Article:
Immunoassay Automation Trends 2014
|出版日||ページ情報||英文 56 Pages
This market report summarizes the results of HTStec's industry-wide global web-based benchmarking survey on immunoassays and their automation carried out in August 2014.
The survey was initiated by HTStec as part of its tracking of life science marketplaces and to partially update HTStec's previous ELISA Trends report (dated June 2012).
The questionnaire was compiled to meet the needs, requirements and interests of the immunoassay vendor community.
The objective was to comprehensively document current practices and preferences in immunoassays and to understand future user requirements, particularly with respect to immunoassay automation.
Equal emphasis was given to soliciting opinion from all organisations where immunoassays are currently being undertaken, with no geographic bias in the distribution of persons contacted.
The survey looked at the following aspects of immunoassays, as practiced today (2014) and in many cases as predicted for the future (2017): main use of immunoassay technology today; main application area of immunoassay research; target classes investigated by immunoassays; main sample sources analyzed; enzyme/detection chemistry most used; level of automation applied; capital cost of automated solutions implemented; brief details of automated solution implemented; level of automation respondents want to achieve; how respondents prefer to access immunoassay automation; plans to purchase an automated immunoassay workstation and preferred automation vendors; factors influencing a decision to select a vendor for immunoassay automation; maximum capital cost for an automated (hands free) immunoassay workstation; awareness of new emerging immunoassay platforms or alternatives technologies; main drivers for adopting a new automated immunoassay platform; barriers to change that would limit adoption of a new automated immunoassay platform; enthusiasm to change assay buffers and/or protocols to work with a new automated immunoassay platform; number of immunoassay plates typically run per year; maximum immunoassay throughput achieved and wanted; assay formats used for immunoassay analysis; final immunoassay (incubation) volume; number of different immunoassays developed (self-built) per year; average cost per single immunoassay (per well); price paid for immunoassay kits and application area pricing relates to; annual budget for immunoassay consumables and the breakdown of that budget into components; most important factors in the decision to purchase a particular vendor's immunoassay kit; main suppliers of immunoassay kits purchased; biggest hurdles (limitations) that still need to be addressed with immunoassays today; and any unmet needs that exist in immunoassay automation today.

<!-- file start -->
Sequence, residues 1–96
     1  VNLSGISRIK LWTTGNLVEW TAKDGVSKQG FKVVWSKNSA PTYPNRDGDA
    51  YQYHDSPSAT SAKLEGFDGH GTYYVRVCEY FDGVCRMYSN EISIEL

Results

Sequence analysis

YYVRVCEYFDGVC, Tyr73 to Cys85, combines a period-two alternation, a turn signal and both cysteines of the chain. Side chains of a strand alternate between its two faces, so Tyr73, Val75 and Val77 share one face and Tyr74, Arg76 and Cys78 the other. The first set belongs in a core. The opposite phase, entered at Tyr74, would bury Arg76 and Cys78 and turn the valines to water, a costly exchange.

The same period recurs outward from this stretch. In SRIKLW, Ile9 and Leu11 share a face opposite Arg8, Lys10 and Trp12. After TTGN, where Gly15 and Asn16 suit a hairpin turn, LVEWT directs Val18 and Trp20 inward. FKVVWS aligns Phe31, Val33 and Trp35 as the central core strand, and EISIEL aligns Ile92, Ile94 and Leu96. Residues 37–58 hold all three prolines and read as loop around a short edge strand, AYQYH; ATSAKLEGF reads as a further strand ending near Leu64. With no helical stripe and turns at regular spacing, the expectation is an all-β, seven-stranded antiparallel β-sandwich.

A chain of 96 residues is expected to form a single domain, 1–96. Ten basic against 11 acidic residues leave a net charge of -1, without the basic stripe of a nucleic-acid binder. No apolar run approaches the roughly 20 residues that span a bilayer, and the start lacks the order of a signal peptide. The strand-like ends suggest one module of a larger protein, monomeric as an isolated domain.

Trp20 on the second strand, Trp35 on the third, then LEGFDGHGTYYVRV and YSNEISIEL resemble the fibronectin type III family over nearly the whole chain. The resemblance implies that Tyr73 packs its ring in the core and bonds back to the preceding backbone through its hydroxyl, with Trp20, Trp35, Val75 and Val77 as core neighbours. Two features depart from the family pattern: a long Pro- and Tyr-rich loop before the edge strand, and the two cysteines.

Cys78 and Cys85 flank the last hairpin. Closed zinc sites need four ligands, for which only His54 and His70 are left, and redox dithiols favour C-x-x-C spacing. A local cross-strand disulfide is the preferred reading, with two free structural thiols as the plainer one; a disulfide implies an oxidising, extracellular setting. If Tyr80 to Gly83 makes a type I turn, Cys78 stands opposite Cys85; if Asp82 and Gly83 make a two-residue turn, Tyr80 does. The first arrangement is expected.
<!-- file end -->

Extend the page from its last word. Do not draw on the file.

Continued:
The main questionnaire consisted of 28 multi-choice questions and 1 open-ended question. addition, there were 6 questions related solely to survey demographics.
The survey collected 86 validated responses, of these 87% provided comprehensive input.
Responses were geographically split: 51% North America; 36% Europe; 6% Asia (excluding China Japan); 4% Rest of World; 1% Japan; and 1% China.
Survey respondents were end-users of immunoassays and met the following criteria: 1) were currently undertaking immunoassays; & 2) made or influenced purchasing decisions for immunoassay kits, related consumables, instrumentation or automation.
Respondents came from 38 University/Research Institute/Not-for-Profit Facilities; 13 Biotech Companies; 11 Pharma; 8 Other; 5 Hospitals/Clinics; 4 Diagnostics Companies; 3 Contract Research Organisations; 2 Government/Military/Defence Facilities; and 2 Food Safety Companies.
Most survey respondents had a senior job role or position which was in descending order: 15 lab/ research managers; 14 research scientists; 11 principal investigators; 11 professors/assistant professors; 7 section/group leaders; 7 senior scientists/research associates; 6 directors; 3 presidents; 3 post-doctoral associates/fellows; 2 vice presidents; 2 others; and 1 graduate student.
Survey results were expressed as an average of all survey respondents. In addition, where appropriate the data was fully reanalyzed after sub-division into the following 5 survey groups based on their main use of immunoassay technology: 1) Basic Research; 2) Applied Research; 3) Non-Clinical Analysis/Testing; 4) Clinical Analysis/Testing; 5) QC/Manufacturing/Bioprocessing.
The main application areas of respondents immunoassay research was biomarkers and immunology.